USA Gymnastics has filed for bankruptcy as the 200,000-member organization struggles to recover from the Larry Nassar sexual abuse scandal.
The filing Wednesday will help "expedite an equitable resolution of the claims made by the survivors of sexual abuse perpetrated by Larry Nassar," USAG said. "We owe it to these brave women who have come forward."
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The organization said the filing for bankruptcy protection doesn't change its day-to-day operations.
Attorney John Manly said that USAG's leadership "has proven itself to be both morally and financially bankrupt."
"This bankruptcy filing will suspend all lawsuits by Nassar survivors and their ongoing efforts to discover the truth about who at USA Gymnastics and the US Olympic Committee knew about Nassar's criminal conduct and failed to stop it," Manly said.
Stu Mollrich, a senior attorney at Manly, Stewart & Finaldi, said their firm represents clients with 215 claims against USA Gymnastics.
He estimated there are 350 to 400 claims nationwide. He told CNN a recent court order indicated there are 345 plaintiffs in federal cases in Michigan that are consolidated.
The claims against USAG will be paid by insurance companies, the organization said.
"We believe that the bankruptcy court is the best forum in which to implement appropriate procedures to equitably resolve claims and allocate the insurance proceeds among claimants," USA Gymnastics said.
Nassar, a former USA Gymnastics physician, was sentenced in January to 40 to 175 years in prison after he pleaded guilty to seven counts of sexual misconduct. Nassar, 55, is in a federal prison in Florida and isn't eligible for release until 2069.
Before the sentencing, more than 150 women and girls told a judge that Nassar had sexually abused them under the guise of providing medical treatment.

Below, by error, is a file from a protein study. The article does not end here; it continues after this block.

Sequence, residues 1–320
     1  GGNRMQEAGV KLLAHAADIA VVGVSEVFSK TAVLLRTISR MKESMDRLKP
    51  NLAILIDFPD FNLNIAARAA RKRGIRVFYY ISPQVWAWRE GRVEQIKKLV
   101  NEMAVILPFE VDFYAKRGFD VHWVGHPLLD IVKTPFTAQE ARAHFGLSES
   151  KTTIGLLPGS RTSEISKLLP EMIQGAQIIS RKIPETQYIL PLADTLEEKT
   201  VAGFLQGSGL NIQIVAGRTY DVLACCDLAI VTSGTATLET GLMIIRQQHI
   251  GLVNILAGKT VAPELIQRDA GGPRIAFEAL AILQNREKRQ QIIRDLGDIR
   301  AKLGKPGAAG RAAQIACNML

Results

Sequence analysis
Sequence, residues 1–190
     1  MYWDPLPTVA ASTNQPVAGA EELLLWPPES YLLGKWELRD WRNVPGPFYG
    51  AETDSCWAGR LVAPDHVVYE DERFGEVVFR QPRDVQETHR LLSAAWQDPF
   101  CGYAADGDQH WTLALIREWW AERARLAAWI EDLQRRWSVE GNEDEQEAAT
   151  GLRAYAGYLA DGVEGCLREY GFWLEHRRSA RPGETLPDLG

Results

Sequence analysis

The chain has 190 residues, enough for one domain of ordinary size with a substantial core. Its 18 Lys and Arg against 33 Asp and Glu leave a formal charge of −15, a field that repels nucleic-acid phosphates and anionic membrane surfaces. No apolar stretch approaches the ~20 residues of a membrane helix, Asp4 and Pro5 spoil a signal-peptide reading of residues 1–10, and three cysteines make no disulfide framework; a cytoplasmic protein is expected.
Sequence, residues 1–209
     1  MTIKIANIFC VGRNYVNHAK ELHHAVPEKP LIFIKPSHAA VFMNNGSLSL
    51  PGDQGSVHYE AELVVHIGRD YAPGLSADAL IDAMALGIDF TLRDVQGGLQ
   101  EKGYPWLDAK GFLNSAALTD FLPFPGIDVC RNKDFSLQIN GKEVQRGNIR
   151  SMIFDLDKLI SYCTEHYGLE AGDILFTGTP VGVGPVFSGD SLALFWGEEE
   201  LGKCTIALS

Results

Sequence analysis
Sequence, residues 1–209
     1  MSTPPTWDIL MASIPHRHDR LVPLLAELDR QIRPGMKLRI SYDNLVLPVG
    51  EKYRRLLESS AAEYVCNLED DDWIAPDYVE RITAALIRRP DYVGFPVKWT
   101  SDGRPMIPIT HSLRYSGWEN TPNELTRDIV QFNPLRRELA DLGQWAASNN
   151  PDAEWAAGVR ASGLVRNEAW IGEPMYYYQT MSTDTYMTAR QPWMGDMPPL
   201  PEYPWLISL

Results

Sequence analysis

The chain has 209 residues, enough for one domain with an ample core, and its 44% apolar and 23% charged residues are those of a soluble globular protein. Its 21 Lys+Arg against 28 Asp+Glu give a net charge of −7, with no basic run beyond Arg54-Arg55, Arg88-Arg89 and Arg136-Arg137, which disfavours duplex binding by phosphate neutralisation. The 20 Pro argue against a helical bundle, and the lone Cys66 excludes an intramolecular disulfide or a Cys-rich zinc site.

Since then, USAG has been mired in one scandal after another, including recent criminal charges against former employees, a revolving door of presidents, and even the possible removal of USAG's status as the US governing body for the sport.
"We expect to keep working with (United States Olympic Committee) to act in the best interests of all gymnasts," USA Gymnastics said in a statement Wednesday.
While USAG vowed to rebuild after the Nassar scandal, it hasn't been able keep its top leadership intact.
At least seven high-profile USAG officials -- plus an entire board of directors -- have recently left their jobs, even though some didn't start until after Nassar was arrested:
• In March 2017, CEO Steve Penny resigned. Two months ago, he was arrested on suspicion of removing documents related to the Nassar case from a gymnastics training facility in Texas.
• In January, the entire USA Gymnastics board resigned over the Nassar scandal. A new 15-member board took over in June.
• In May, the head of USAG's head of women's program, Rhonda Faehn, suddenly left. The organization didn't say why.
• In August, after just three days on the job, elite development coordinator Mary Lee Tracy resigned after she "inappropriately contacted a (Nassar) survivor" who had criticized her, USA Gymnastics said.
• In September, CEO Kerry Perry resigned after nine months. Critics said Perry failed to take adequate action during the Nassar fallout and gave boilerplate soundbites when asked for solutions.
• In October, former US Rep. Mary Bono resigned as interim president and CEO after less than a week on the job. She was embroiled in two controversies during her first few days in office.
• Also in October, head tumbling coach Sergio Galvez was directed to resign "pending an investigation of a report filed at the US Center for SafeSport," USAG said. No details were released on what was alleged in that report.
• And in November, USAG's longtime chief operating officer Ron Galimore resigned. USAG did not respond to CNN's questions about why Galimore left.
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